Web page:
Over the past three years, I’ve taught English in three countries while learning three languages. These experiences have been wonderful opportunities to meditate on and tinker with existing methods.
With each country, I faced a different culture, classroom setting, and set of needs. My teaching style had to morph to match the circumstances. Sticking to one method would only risk alienating students. In Chongqing, I oversaw twenty-two conversational English classes at a junior high school, each of which had 60 students or more. I had complete control over the curriculum, but was required to create Keynote presentations (and have their content vetted by the head teacher). Most of my day was spent trying to get through it. Prague was an experimental period. I tram-hopped to various companies to teach business English to small classes of 20-60 somethings. Since most of my students despised textbooks and had specific goals in mind, I had to create most of my lessons from scratch. In Taipei, I had to follow stricter guidelines. For every intensive, general, and test-prep class I taught to adults and high school students, I was required to use a specific textbook at a certain pace and attend regular workshops.
Where training failed, language study stepped in and made adapting easier. After failing to learn Czech in a classroom setting during my initial months in Prague, I committed to pursuing my interest in another language—Japanese—on my own. Once I refined my approach and techniques, I easily moved on to Mandarin Chinese and Russian, and even returned to Spanish.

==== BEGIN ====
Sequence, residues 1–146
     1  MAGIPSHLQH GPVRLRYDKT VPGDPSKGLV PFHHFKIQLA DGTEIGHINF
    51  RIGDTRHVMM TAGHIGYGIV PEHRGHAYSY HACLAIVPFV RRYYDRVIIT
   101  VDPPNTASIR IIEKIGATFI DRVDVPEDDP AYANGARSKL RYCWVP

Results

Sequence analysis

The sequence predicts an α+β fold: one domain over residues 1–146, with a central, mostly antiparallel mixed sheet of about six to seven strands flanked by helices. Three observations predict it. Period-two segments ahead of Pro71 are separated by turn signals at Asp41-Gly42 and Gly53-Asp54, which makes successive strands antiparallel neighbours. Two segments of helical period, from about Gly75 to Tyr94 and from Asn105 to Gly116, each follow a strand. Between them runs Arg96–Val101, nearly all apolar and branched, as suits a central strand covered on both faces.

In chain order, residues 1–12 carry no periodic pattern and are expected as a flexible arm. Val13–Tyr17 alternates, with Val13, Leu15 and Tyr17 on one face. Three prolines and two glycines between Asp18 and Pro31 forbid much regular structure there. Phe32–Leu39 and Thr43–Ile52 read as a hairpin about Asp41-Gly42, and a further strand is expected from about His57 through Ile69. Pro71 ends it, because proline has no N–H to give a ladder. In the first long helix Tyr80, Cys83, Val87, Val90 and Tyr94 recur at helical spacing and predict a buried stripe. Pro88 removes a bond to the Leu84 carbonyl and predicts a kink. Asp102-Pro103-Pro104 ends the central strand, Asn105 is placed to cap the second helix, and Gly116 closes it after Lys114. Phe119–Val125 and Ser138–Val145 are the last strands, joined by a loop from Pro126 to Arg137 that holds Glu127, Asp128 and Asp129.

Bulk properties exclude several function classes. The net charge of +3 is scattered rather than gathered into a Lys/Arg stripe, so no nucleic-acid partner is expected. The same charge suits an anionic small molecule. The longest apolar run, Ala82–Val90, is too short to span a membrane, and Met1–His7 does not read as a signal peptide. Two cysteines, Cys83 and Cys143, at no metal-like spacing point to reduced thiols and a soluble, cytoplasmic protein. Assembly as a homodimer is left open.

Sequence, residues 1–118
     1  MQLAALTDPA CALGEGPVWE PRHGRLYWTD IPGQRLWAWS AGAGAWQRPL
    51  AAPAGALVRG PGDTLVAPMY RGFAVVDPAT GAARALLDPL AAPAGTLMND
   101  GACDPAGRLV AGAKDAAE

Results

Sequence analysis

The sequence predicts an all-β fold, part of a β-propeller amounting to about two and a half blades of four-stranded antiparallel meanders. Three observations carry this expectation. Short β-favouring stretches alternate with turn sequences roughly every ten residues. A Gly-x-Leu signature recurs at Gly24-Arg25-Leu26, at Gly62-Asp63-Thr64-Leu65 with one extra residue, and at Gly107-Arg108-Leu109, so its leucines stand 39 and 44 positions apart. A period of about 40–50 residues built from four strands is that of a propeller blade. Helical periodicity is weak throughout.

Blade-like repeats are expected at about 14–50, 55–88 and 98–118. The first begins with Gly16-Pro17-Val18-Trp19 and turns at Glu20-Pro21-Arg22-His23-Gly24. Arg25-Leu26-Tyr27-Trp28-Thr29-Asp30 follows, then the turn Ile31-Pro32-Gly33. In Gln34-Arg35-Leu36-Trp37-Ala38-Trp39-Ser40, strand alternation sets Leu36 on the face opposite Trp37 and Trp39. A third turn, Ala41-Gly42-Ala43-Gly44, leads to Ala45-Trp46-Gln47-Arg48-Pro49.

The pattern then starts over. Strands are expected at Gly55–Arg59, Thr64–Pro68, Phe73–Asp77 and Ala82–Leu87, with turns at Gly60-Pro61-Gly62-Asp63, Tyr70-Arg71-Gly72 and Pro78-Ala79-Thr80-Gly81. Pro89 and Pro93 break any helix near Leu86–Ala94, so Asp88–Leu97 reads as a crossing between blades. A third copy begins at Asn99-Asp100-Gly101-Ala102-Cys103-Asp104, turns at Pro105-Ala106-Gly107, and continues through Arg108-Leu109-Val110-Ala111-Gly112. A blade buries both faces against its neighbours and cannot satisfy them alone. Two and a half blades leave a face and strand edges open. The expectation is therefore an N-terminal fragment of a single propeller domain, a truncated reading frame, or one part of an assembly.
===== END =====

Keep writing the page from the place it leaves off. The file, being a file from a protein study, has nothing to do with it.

By teaching in a classroom while learning on my own, I discovered gaps in traditional methods, possible alternatives, and new materials. And my teaching evolved further.
Leaving education for iOS development isn’t leaving at all. It’s simply a continuation of a three-year experiment, with the added challenge of linking together everything I’ve learned to create awesome language apps.
My Twitter has been blowing up with requests for language learning resources and tips. So, I’m putting together a short guide. I’ve tried to keep it as simple as possible, since a deluge of resources won’t help you. In general, I recommend using no more than three resources at a time, even if you’re going at an accelerated pace. Also remember to vary your materials; using three step-by-step guides, apps, or what-have-you wastes time. Whenever I start learning a language, I focus on small deliverables. Having a benchmark for each week and month keeps me focused. To get an idea of what a realistic goal looks like, check out this one-page CEFR guide.
Since these three languages have a special reputation for being difficult, some advice: consistency is more important than volume. Don’t fall into the trap of trying to learn All the Things, as many language learners will (wrongly) suggest. If you want to go fast, you need to go slow. 20 minutes of concentrated practice is better than two hours twice a week. You’ll notice that most of these resources can be completed in 1-3 months with 30-minute daily sessions. There’s no need to stop having a life to learn a language.
From Stefan Bucher’s 344 Questions
So, you’ve decided to learn how to program or speak a foreign language on your own. Without a clear strategy, one of two things will happen. You’ll spend hours researching and gathering resources, only to become overwhelmed, as it becomes increasingly clear you have no idea where to start. You’ll assume you need several hours a day to learn, which means that your routine will be threatened by every unscheduled event, bad mood, or low-energy day. Or, you’ll hop over to Codecademy or Treehouse, Duolingo or Babbel–or whatever big-name company you’ve read about online–and start picking through their courses. Your sense of mastery will grow with each badge you earn and streak you maintain, until of course you finish. That brief, exhilarating ego boost will be crushed, as you realize that your chosen subject is far more complex and rich than those introductory courses led you to believe.
This is when most people start giving up, which is unfortunate because both approaches have merit. Deep research is essential to mastering a subject, as is recognizing that you should probably stop googling and just get something done. The problem isn’t the approach; it’s the fact that most people only choose one.